Ontario team to receive 2019 Munsterman Award for innovation in jury inclusiveness

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Paula Hannaford-Agor
Director of the Center for Jury Studies
National Center for State Courts

Ontario team to receive 2019 Munsterman Award for innovation in jury inclusiveness

Williamsburg, Va., Oct. 11, 2019 The Juries Ontario Health Insurance Plan (OHIP) Team has been selected as the recipient of the National Center for State Courts’ (NCSC) 2019 G. Thomas Munsterman Award for Jury Innovation. The Munsterman Award recognizes states, local courts, organizations and individuals that have made significant improvements or innovations in jury procedures, operations and practices. The Ontario team is the first Munsterman Award recipient outside of the United States.

Ontario had been criticized for its lack of inclusiveness of jurors, specifically members of the First Nations, Canada’s predominant indigenous people group. Ontario’s old jury list, based on randomly selected individuals from the Municipal Property Assessment Corporation (MPAC) database, did not capture subsections of the population, so the validity of the jury roll was challenged. 

Although the Supreme Court of Canada decision, R vs. Kokopenance, upheld the validity of the jury roll, the court said Ontario “should continue efforts to increase the representativeness of the source lists for the Ontario jury roll and continue addressing the underrepresentation of First Nations on-reserve residents in the jury system.”

The OHIP Team was established in 2018 to implement a new, single source of data – OHIP’s  Registered Persons Database – for identifying potential jurors. The new platform streamlines operations and creates efficiency.  In providing a more inclusive and up-to-date source list for the jury roll, the use of the OHIP database increases the opportunity for broader participation on Ontario’s juries.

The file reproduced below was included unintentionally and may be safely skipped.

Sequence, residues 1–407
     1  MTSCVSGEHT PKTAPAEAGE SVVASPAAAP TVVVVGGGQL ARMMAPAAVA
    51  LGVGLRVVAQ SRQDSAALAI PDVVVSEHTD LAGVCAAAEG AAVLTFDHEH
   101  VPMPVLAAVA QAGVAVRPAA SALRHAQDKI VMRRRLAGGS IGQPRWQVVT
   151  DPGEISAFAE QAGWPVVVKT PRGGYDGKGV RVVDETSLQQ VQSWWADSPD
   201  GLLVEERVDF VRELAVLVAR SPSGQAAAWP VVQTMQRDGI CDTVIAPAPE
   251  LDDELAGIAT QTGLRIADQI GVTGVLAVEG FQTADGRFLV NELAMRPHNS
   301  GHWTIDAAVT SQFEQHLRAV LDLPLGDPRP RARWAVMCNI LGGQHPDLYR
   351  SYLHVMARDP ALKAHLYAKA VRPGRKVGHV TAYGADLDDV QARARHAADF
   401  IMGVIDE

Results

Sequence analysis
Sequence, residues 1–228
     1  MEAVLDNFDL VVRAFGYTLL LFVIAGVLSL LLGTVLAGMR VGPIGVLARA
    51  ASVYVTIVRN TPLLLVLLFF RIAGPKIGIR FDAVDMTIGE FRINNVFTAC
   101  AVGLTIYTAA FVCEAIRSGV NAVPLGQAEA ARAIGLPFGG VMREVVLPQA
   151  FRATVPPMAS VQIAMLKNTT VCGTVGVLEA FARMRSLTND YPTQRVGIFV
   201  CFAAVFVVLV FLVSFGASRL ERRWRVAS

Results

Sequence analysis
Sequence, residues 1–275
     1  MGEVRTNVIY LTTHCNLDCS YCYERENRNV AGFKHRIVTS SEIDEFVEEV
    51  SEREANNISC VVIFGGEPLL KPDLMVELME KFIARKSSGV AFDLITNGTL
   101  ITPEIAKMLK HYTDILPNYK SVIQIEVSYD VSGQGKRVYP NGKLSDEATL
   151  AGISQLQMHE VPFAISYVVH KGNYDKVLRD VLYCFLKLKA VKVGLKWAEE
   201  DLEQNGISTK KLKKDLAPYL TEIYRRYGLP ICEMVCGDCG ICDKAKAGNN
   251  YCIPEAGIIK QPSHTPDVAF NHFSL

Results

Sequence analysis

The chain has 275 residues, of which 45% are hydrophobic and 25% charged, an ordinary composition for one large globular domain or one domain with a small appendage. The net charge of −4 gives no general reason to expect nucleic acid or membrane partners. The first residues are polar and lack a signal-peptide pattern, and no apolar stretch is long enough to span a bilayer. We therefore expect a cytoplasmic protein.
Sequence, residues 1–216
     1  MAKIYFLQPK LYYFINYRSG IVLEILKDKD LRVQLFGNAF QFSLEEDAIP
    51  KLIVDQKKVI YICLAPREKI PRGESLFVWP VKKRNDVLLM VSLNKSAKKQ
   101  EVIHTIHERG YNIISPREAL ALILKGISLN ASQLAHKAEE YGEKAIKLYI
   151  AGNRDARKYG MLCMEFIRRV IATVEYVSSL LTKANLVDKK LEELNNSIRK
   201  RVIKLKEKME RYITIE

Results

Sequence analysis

Paula Hannaford-Agor praised the organization’s collaborative and pioneering effort. “After being called-out, so to speak, about its lack of inclusiveness, Ontario did some real soul searching,” she said. “The group was willing to look fresh and improve its jury pool process. More state courts should follow Ontario’s lead and think outside the box when compiling their jury lists.”

In a letter to the Munsterman nominating committee, Paul Boniferro, Deputy Attorney General for Ontario, said the team “deserves recognition as it has essentially overhauled the underpinnings of the compilation process for Ontario’s jury roll. A change of this nature required a dedicated team to envision the appropriate legislative changes, as well as to create the new technological and operational processes, policies and procedures required to support the changed environment.”

The Munsterman Award is named for G. Thomas Munsterman the founder and former director of NCSC’s Center for Jury Studies and an internationally renowned innovator in jury systems and research. Munsterman is 79 and currently resides in Decatur, Georgia.

The National Center for State Courts, headquartered in Williamsburg, Va., is a nonprofit court organization dedicated to improving the administration of justice by providing leadership and service to the state courts. Founded in 1971 by the Conference of Chief Justices and Chief Justice of the United States Warren E. Burger, NCSC provides education, training, technology, management, and research services to the nation’s state courts.

National Center for State Courts, 300 Newport Avenue, Williamsburg, VA